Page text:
Raymond James & Associates Inc. analysts are standing by their call for West Texas Intermediate oil prices to reach $50/bbl later this year in the face of a futures strip that is “simply unsustainable,” but until the price cavalry arrives, the U.S. rig count is going to be hacked even more as producers cut back their spending.

Analysts J. Marshall Adkins, Praveen Narra and Victor Kalivas said in a note Monday they don’t believe the current crude price strip will have a meaningful impact on exploration and production (E&P) drilling and completion spending budgets this year because it would be too little too late.

“With extremely depressed oil pricing likely to cause oilfield spending and therefore, activity, to fall off a cliff in early 2016, we do not believe oilfield spending can catch up with rising cash flows in the back half of the year. The need for E&Ps to see ‘sustained’ higher crude prices, as well as constraints on the oilfield service side of the industry, particularly labor, will likely see rig additions delayed.”

The trio reduced its forecast for the U.S. rig count this year from a forecast made only a month ago, when analysts said they expected the domestic rig count to average 620 rigs, down 36% from 2015 (see Daily GPI, Jan. 4).

“Because of the U.S. E&P budgeting process in a sub-$40 oil world, we are reducing our forecast for the average total U.S. rig count in 2016 from 620 to just 500 average annual rigs, or down nearly 50% y/y and down 20% from our previous forecast,” Adkins said. The rig count should bottom in April at around 400 rigs. Then, a surge in activity could begin late this year, with the rig count expected to climb 106% in 2017, or by about 530 rigs y/y.

On the 20% reduction in the average 2016 total U.S. rig count forecast, the analysts expect a decline in domestic liquids production of 200,000 b/d in 2016 and 250,000 b/d reduction from the prior 2017 model.

“Low prices are curing low prices and we are setting up for the cycle to turn,” Adkins said.

With domestic E&P budgets using the current oil strip price below $40/bbl, drilling and completion spending budgets initially could drop by 60-70% y/y, much lower than Raymond James current forecast that called for a 42% decline in 2016 oilfield spending.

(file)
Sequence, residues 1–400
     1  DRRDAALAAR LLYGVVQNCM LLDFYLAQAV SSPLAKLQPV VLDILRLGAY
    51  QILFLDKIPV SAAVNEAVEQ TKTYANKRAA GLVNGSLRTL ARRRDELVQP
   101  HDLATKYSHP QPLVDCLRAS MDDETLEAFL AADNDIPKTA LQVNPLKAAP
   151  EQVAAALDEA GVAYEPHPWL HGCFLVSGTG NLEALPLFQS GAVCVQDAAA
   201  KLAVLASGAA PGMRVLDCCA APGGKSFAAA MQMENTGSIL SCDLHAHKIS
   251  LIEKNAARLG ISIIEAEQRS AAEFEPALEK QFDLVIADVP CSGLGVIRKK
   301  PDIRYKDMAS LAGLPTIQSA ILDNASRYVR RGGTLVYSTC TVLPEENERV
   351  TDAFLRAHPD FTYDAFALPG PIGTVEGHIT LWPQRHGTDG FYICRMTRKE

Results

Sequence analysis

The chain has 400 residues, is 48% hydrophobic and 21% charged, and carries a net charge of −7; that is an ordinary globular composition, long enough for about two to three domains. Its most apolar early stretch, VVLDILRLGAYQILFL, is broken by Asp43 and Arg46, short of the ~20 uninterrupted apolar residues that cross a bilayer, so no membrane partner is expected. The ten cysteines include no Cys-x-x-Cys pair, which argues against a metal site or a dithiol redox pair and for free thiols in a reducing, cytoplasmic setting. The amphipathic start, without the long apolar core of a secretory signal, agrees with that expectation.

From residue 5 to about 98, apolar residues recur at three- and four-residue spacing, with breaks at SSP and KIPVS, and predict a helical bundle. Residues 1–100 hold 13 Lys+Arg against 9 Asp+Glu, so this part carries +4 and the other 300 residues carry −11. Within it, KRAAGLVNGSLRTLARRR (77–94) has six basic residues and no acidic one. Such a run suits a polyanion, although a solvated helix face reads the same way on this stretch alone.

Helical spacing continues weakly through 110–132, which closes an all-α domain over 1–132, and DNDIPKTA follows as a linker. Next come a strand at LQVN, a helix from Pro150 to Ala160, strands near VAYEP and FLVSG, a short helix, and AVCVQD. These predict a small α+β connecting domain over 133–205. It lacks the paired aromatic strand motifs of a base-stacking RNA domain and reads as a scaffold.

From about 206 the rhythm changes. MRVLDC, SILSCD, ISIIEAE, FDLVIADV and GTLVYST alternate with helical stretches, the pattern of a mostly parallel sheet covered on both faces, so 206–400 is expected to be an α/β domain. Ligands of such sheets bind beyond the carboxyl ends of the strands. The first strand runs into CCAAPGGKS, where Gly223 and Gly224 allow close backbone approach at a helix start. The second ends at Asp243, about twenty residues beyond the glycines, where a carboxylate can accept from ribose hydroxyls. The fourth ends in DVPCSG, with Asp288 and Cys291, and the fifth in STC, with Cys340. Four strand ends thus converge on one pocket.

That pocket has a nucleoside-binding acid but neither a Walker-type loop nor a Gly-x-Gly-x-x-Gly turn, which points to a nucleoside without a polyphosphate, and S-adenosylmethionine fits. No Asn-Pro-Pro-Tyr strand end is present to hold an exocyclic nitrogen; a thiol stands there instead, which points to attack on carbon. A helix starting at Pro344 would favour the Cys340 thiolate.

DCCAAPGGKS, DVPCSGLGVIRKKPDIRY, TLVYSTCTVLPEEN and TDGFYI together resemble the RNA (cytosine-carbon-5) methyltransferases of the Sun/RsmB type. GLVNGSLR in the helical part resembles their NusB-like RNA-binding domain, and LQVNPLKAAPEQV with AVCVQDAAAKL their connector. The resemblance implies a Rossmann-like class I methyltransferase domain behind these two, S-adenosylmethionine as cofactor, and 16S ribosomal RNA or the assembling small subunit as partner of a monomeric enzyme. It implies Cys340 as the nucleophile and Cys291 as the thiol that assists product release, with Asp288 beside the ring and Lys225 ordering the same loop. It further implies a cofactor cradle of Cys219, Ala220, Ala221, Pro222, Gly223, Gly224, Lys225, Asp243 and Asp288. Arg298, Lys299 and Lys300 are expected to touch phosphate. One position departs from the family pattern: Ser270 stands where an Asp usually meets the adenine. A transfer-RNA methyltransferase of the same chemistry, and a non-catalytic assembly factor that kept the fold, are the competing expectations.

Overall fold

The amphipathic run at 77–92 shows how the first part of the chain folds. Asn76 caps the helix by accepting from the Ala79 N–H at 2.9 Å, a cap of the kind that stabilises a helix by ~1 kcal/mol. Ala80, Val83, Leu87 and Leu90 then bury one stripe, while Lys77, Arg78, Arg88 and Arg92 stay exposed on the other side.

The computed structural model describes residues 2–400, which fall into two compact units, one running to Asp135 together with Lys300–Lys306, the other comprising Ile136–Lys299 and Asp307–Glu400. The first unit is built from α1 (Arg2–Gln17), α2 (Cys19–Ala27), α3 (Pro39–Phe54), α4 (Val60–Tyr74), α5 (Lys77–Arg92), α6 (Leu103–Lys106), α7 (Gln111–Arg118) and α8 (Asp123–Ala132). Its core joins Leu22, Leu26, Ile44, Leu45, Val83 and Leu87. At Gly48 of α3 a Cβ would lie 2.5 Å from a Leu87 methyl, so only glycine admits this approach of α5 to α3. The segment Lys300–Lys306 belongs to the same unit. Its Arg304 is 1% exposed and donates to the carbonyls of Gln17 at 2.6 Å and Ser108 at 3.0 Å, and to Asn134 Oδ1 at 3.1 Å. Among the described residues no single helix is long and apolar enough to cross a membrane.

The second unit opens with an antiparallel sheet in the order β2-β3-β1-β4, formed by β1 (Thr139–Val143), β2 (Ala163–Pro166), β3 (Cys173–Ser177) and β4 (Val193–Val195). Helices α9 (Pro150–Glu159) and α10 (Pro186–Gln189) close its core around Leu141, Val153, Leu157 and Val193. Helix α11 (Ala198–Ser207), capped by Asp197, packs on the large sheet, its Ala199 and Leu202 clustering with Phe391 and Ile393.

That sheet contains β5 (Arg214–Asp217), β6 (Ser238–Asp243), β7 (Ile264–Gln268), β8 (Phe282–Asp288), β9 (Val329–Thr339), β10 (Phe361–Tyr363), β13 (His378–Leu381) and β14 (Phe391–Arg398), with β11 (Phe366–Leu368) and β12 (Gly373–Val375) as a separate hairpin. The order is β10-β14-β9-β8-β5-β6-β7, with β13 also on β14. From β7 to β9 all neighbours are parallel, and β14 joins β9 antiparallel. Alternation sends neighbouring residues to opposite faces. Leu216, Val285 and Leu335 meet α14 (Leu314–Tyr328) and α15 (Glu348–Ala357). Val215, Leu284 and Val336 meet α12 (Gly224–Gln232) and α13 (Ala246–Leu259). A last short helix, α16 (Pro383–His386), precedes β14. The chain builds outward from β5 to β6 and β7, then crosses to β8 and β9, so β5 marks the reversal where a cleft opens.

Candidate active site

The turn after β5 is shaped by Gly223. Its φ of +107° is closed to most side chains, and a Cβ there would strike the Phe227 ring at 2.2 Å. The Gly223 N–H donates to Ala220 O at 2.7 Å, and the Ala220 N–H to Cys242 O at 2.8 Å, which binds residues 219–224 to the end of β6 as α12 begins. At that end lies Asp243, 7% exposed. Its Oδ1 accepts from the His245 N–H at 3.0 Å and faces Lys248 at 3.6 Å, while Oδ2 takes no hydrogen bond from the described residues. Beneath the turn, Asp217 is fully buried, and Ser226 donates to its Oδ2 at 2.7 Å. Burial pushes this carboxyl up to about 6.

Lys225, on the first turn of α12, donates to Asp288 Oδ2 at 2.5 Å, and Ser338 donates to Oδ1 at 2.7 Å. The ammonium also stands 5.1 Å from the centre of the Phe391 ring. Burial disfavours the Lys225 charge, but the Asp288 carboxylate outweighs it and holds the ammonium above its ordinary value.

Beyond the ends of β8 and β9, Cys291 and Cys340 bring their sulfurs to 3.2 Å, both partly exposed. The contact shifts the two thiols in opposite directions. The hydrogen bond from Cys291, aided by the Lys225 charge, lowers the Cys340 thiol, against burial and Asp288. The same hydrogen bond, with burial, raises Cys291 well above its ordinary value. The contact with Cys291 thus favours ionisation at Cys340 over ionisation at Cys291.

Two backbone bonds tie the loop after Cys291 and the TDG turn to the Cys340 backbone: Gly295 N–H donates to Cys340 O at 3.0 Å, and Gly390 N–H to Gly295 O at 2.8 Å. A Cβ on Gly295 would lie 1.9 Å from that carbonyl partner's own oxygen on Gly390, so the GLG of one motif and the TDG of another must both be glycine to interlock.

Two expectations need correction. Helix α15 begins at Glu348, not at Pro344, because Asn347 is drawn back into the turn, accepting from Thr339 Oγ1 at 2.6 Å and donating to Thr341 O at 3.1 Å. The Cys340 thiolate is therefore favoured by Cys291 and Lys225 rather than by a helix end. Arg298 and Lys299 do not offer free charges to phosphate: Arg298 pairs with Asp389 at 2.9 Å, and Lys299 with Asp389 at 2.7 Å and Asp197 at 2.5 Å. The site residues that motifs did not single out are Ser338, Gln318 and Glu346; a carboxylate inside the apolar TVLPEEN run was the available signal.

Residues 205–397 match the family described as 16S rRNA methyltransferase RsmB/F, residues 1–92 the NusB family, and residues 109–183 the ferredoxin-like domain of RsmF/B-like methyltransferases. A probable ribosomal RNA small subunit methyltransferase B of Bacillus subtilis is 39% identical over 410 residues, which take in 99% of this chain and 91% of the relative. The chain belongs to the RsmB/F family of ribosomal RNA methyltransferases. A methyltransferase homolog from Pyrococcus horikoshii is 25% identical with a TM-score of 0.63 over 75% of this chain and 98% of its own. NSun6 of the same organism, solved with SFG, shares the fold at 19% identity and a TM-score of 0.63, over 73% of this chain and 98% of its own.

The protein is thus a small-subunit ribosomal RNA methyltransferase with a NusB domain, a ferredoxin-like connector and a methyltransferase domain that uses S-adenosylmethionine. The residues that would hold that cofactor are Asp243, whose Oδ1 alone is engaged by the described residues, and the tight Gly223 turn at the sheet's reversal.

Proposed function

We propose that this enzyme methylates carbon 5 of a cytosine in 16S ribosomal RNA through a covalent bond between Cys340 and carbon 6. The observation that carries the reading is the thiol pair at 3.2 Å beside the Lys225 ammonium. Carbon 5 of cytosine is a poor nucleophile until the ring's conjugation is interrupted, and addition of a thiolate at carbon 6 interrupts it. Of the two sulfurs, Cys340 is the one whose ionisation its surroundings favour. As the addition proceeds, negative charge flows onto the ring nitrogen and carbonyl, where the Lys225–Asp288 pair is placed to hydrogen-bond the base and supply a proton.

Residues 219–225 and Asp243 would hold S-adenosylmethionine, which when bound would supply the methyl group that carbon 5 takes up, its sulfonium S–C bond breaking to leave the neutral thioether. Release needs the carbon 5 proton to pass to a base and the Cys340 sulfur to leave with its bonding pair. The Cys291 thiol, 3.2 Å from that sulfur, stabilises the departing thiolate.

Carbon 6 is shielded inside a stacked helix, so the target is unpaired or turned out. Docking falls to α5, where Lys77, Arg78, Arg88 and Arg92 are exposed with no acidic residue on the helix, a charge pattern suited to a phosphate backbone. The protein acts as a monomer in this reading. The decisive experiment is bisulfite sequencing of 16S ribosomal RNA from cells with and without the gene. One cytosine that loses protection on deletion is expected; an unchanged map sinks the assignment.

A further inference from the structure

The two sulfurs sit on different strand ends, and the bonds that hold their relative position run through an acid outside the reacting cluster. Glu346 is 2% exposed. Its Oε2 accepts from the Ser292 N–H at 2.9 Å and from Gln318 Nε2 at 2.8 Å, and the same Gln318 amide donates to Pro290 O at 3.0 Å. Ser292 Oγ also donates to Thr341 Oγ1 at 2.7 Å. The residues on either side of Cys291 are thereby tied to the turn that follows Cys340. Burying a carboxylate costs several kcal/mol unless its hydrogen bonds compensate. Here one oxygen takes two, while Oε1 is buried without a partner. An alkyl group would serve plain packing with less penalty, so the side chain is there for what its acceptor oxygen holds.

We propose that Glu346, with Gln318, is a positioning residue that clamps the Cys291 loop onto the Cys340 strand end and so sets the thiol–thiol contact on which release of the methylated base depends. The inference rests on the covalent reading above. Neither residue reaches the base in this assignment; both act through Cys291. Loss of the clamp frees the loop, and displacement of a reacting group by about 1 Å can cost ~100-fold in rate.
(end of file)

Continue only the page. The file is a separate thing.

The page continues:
Even if prices were to strengthen, E&P spend would lag prices if only because of “logistical and personnel limitations,” said the Raymond James team.

No “meaningful” ramp-up is expected to get underway in domestic drilling until late this year because:

“All-in, we expect to exit 2016 with just 700 rigs working, adding only 300 rigs in the second half of the year,” Adkins said. “While a lower rig count will mean a much more challenging 2016 environment for oilfield service companies, the lower activity this year should still lead to even more robust growth in 2017/2018.”

More capital expenditure (capex) cuts may be needed for North American E&Ps to demonstrate financial discipline and align spending with cash flow, according to IHS Inc. The IHS Energy Comparative Peer Group Analysis of North American E&Ps, issued on Monday, assessed the impact of lower oil and gas prices on 2016 cash flow estimates.

To maintain a capex-to-cash-flow ratio in the historical range of about 130%, E&Ps would need to cut spending by another 30%, or $24 billion overall, from the most recent estimates, based on the firm’s low-case scenario — a 50% reduction from 2015 capex levels. The low-case price scenario assumes $40/bbl oil and $2.50/Mcf natural gas.

IHS estimated the current capex estimate for the group totals more than $78 billion, 23% below the $101 billion spent in 2015. Independent analysts including Raymond James have for the past several weeks said E&P capex and cash flow could plunge significantly this year without higher prices (see Shale Daily, Jan. 20).

“Our analysis strongly suggests that additional steep spending cuts are required by this peer group of 44 North American E&P companies in order to bring spending in line with lower projected cash flows,” said IHS Energy’s Paul O’Donnell, principal analyst and author of the analysis.

Using the low-case price scenario, O’Donnell estimated that North American E&Ps would spend 188% of cash flow, versus 133% under the base-case scenario, which assumes $50 oil and $2.75 gas.

The small E&Ps are projected to spend 174% of cash flow, which “will be problematic since they already have highly leveraged balance sheets and cannot afford further balance sheet deterioration,” O’Donnell said. “The result could be forced asset sales at bargain prices, sizeable staff layoffs and, in the worst cases, bankruptcies.”

The smaller E&Ps would need to reduce capex this year “by at least 64%” y/y, or 42% under the base-case price scenario. The IHS high-case scenario assumes $60 oil and $3.00 gas but at current prices, “even our low-case scenario could be generous,” O’Donnell said.

“Under our low-case scenario,” he said, “we expect 2016 capital spending for the group will exceed cash flow for all companies, with the large and small peer groups spending 195% and 174% of cash flow respectively, compared with a slightly more conservative 157% for the midsize E&P companies.”